Negotiating freedom, understanding responsibility
Having worked in the development sector for many years, I have gladly assumed an unapologetic stance on matters development. Arguably, the development agenda is particularly crucial for Africa and Africans, given the historical and social-economic journey the continent continues go through as she prepares to defend her rightful position at the 'table of civilisation'. It is hence that, for Africa, the freedom to express views and opinions in an environment where one must also be free to associate – to join forces with others, hopefully for the betterment of human development – must be a none-negotiable right, even as such freedoms must be exercised with the utmost objectivity.
Indeed, the freedom of expression is a crucial right, upon which other rights flourish. How, then, are these rights to be applied in our everyday interactions? In an attempt to answer this question, allow me first to share a recent in-flight experience - which will, hopefully, provide a window for an insightful look at our pursuit for fundamental human rights vis-à-vis the practical application of the same rights.
Flight SA185 left Jomo Kenyatta International airport at 16.00 on 1 October 2013 for OR Tambo International airport in Johannesburg, South Africa. I was aboard that plane, on my way to the third annual workshop of Suomi/Africa, a group of journalists and media professionals interested in highlighting African businesses and communities. On my left from the window seat where I sat was an elderly white couple who seemed to have kept the fire of their romance burning after what could easily have been more than forty years of marriage - unless, of course, they had just been recently married.
As I discreetly observed the lovebirds, my attention was soon drawn to the actions of the female South African flight attendant in her late 20s to early 30s, who was serving us in economy class with the first round of refreshments. As is the normal practice, she served the row in front which happened to be all white, always taking the order from the window seat and on towards the isle seat. At the “all black” adjacent seat on the same row, a similar order of serving was observed. As she moved her trolley to my row, I readied myself at the window seat to be served first only for her eyes to avoid mine, and first be cast on the white woman in the middle seat and then on to her partner on the isle seat before turning back and barking at me, “Yes, what would you like?”.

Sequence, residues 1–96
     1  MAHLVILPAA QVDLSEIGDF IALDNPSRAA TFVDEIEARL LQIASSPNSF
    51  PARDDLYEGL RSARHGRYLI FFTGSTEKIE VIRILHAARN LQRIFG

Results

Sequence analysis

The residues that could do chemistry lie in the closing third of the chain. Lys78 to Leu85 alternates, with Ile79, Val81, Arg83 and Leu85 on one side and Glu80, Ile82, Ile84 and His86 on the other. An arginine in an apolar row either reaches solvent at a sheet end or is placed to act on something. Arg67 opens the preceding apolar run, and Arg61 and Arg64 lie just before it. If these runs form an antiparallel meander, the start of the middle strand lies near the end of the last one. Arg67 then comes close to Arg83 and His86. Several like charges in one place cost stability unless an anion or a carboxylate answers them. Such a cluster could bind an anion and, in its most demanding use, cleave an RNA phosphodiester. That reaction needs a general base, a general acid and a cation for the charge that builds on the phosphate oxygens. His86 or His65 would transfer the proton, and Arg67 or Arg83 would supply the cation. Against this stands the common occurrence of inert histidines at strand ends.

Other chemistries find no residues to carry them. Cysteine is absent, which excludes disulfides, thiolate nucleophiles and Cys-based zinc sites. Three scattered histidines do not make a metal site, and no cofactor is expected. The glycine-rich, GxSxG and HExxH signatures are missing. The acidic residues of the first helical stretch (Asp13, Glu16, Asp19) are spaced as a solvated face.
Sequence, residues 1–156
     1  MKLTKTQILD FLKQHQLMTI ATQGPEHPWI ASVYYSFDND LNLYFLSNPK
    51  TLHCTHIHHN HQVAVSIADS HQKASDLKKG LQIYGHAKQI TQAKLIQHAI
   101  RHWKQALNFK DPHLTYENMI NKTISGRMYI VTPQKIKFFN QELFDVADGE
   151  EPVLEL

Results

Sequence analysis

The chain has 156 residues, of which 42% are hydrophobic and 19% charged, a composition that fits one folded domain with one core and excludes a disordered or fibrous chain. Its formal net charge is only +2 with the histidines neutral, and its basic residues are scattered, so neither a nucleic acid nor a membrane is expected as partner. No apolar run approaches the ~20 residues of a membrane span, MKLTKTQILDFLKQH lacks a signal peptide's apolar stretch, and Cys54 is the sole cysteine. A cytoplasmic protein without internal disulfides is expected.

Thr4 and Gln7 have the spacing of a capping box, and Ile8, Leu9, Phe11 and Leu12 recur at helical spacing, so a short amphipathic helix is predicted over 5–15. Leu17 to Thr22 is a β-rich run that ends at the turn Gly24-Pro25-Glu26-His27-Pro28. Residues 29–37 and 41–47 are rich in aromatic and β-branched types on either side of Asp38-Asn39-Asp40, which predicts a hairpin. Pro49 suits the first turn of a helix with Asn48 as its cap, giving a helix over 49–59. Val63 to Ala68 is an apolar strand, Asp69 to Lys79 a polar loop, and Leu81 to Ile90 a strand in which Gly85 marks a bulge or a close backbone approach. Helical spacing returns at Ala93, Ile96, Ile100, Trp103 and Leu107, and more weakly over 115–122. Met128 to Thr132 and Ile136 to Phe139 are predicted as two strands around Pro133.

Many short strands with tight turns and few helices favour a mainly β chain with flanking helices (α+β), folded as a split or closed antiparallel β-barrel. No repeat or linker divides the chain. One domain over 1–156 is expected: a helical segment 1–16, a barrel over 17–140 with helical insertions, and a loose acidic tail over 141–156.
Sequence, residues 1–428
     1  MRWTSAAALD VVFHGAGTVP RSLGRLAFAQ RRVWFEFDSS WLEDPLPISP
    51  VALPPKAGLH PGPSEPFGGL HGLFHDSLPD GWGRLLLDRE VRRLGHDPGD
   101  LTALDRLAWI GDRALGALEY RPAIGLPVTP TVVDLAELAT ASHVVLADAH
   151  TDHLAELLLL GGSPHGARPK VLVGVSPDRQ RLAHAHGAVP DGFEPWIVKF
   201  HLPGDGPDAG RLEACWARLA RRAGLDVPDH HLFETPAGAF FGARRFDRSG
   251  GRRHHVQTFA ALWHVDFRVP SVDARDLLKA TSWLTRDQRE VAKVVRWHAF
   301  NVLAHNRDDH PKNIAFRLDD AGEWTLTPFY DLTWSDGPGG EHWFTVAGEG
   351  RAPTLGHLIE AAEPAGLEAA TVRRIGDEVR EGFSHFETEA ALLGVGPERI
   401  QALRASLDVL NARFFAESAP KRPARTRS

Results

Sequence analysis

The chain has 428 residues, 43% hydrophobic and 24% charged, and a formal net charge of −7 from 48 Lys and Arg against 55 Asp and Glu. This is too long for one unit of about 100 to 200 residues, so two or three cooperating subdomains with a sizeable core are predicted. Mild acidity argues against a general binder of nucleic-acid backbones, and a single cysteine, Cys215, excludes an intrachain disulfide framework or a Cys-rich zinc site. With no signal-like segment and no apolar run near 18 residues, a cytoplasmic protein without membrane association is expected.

This action must have been odd even to my seat row mates, going by the apologetic glances they cast my way. I worked my anger down and politely, even using the word please, asked for a cold coke, now even unsure whether to add “with a tot of brandy”, for that had been my plan for a sun downer. Time came for early dinner, and she proceeded on to do the same to the continued consternation of my seat row mates, now even attracting the attention of the passengers across the isle. By the time she was coming round with her coffee/tea and duty free, I was so livid with anger that in order to prevent myself from exhibiting my signature “protest riot act”, I chose not to even bother look her way when she eventually had to turn to me, the black passenger that she was also required to serve. I had concluded, not unfairly as you are likely to agree, that the action of this black African female flight attendant must have been the side effects of Apartheid South Africa.